The EU Referendum & the Likely Outcome by Alex Campbell
With the campaign raging about what leaving the European Union would look like, Alex Campbell writes for BRIT POLITICS about what it would mean if the UK votes to remain.
Staying In & What Happens Next?
In under a month, the UK will go to the polls to decide on Britain’s future relationship with the EU. Depending on what you believe, Brexit could mean either disaster or triumph; bleak uncertainty or regained control. But what about the other answer: what would a “Yes” vote at the polls on the 23rd June mean?
Usually, referendums favour the status quo, with voters loudly exclaiming their dissatisfaction to the opinion polls then getting cold feet on the day and voting no to change. While this conventional wisdom could be flawed, nonetheless there are plenty of examples of referendums maintaining the status quo, sometimes more than once, for example in the case of the Quebec Independence Referendums in 1980 and 1995. So with that in mind, some time should be spent on the potential consequences of the UK remaining in the EU.
The assumption is that everything would immediately return to normal, the world would turn and nothing would change. However, by recommitting itself to the EU, by choosing not to sever ties and raise the drawbridge, the UK proves to the watching world that it is not an ultra-nationalistic, irrational and closed-minded nation. In an increasingly globalised and interconnected age, this statement can only improve our relationship with our allies and trade partners.
Economically, with an “In” vote, certainty would return to the markets of the UK. The multinationals would shelve their plans to move headquarters and Foreign Direct Investment would remain high. Reuters has speculated that the Pound Sterling may gain 4% if the UK chooses to stay. Remaining at the “front of the queue” and benefiting from free trade with the 27 other countries of the EU and many more outside, thanks to the EU’s numerous Free Trade Agreements, the UK economy would continue to grow.
Additionally, the UK’s ability to tackle the issues of today would be strengthened by remaining in the EU. Solutions to the migrant crisis, terrorism and climate change will not be found by one country alone. These difficult matters require concerted efforts by all parties to resolve.
Don’t Go, Britain!
In the event of a “In” vote, the EU as a whole will breathe a sigh of relief, a potential breakup averted. The watchful parties of the far-right, including Le Front Nationale in France and Alternative für Deutschland in Germany, would be disappointed at the outcome, though not dissuaded from seeking the same end.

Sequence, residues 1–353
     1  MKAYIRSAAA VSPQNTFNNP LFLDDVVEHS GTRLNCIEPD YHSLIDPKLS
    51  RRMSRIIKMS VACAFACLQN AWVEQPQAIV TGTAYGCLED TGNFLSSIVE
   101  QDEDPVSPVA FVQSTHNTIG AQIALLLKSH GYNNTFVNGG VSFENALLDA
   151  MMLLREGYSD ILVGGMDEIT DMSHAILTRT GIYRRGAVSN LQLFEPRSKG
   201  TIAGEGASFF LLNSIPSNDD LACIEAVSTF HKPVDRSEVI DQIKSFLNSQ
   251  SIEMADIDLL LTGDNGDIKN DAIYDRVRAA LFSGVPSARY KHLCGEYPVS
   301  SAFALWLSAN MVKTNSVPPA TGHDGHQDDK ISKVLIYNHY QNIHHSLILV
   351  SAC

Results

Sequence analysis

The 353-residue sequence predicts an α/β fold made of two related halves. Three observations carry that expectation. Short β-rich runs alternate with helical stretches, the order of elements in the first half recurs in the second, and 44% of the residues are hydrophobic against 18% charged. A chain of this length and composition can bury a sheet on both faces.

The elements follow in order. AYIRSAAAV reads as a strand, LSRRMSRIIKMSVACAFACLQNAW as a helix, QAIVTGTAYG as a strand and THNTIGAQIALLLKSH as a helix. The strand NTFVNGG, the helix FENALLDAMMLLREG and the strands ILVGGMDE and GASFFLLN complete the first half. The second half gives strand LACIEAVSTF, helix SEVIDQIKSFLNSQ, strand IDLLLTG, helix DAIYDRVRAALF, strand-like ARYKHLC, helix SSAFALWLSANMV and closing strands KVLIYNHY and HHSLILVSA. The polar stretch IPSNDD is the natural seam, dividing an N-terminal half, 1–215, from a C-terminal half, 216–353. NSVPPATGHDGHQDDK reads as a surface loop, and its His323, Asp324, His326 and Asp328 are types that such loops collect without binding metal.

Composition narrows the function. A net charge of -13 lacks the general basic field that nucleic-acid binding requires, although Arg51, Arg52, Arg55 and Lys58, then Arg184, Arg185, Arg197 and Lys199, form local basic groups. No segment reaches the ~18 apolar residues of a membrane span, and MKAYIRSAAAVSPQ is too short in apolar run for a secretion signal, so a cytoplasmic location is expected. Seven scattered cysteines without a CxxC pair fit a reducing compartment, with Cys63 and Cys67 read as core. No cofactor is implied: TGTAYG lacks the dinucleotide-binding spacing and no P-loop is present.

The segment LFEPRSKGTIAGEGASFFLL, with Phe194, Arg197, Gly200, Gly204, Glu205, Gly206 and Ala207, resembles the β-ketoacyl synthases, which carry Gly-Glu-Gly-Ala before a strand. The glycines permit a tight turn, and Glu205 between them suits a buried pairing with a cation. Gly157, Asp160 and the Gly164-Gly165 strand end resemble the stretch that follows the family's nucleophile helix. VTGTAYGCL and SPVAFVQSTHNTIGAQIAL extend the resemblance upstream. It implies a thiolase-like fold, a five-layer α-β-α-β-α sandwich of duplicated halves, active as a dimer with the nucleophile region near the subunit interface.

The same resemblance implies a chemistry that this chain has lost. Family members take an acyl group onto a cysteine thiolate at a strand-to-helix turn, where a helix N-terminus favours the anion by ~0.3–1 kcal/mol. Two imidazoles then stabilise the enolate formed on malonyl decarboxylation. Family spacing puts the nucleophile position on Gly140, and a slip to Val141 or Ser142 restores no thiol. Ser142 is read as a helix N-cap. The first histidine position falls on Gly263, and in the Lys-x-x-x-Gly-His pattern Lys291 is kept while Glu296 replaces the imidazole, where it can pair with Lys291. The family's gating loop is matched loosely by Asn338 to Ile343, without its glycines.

The UK, in theory, unhappy with the current state of the EU but having chosen to stay, would throw itself wholeheartedly into reform. It is without a doubt much needed, with the bloated CAP and the totally unnecessary, hugely expensive monthly Parliamentary trek to Strasbourg.
That’s the theory. Possibly that could have happened if this referendum was actually about EU reform. Arguably, this entire episode of British politics has been about David Cameron trying to hold onto his position in his party by appeasing unappeasable Eurosceptic backbenchers. Cameron’s renegotiation demands were merely platitudes and had nothing to do with the actual reform of the EU, which require technical knowledge, patience and nothing short of miraculous diplomatic skills. Here and now, the UK would reclaim its position as an occasionally uncompromising outsider, and meaningful reform would remain elusive.
Keep on Keeping on
An “In” vote would be a mixed bag for the Tory party. David Cameron’s relief would be palpable that his Prime Ministerial legacy won’t be a weakened, isolated Britain. For Boris Johnson, it could be envisioned that any future bid for the leadership may be weakened, as he bet on the losing side and failed to achieve success. Having nailed his flag to the right post, George Osborne’s and Theresa May’s ambitions would be fortified, although the latter’s ignorant ECHR/EU mix-up may still haunt her.
Mostly, however, history will repeat itself and the Tories would continue to “bang on” about Europe. It wouldn’t be surprising if there were to be another referendum about the same issue in the distant future, as supporters often try to continue holding referendums until they get the answer they want.
Staying In; Not All About the Status Quo
The outcome of the EU referendum is by no means certain. It is not inconceivable that the voices of an energetic minority drown out an apathetic majority. The importance of voting on the 23rd June cannot be underestimated.
Although it lacks the drama and excitement of a “No” vote, to mark “Yes” on the paper is not just a choice for the status quo. It is a positive move, which will boost our economy and protect our rights. The EU may be a creaking institution, but it is a peace project that the UK helped build, and we should not abandon it now just because times are hard.
Alex Campbell is a fiction writer who occasionally dabbles in the truth. A University of Kent Law graduate, she has worked in Brussels and London and now lives in Pristina, Kosovo.
She has contributed articles to WebRoots Democracy, the campaign to introduce online voting in UK elections, and other political websites. She can be contacted on Twitter @aj_campbell.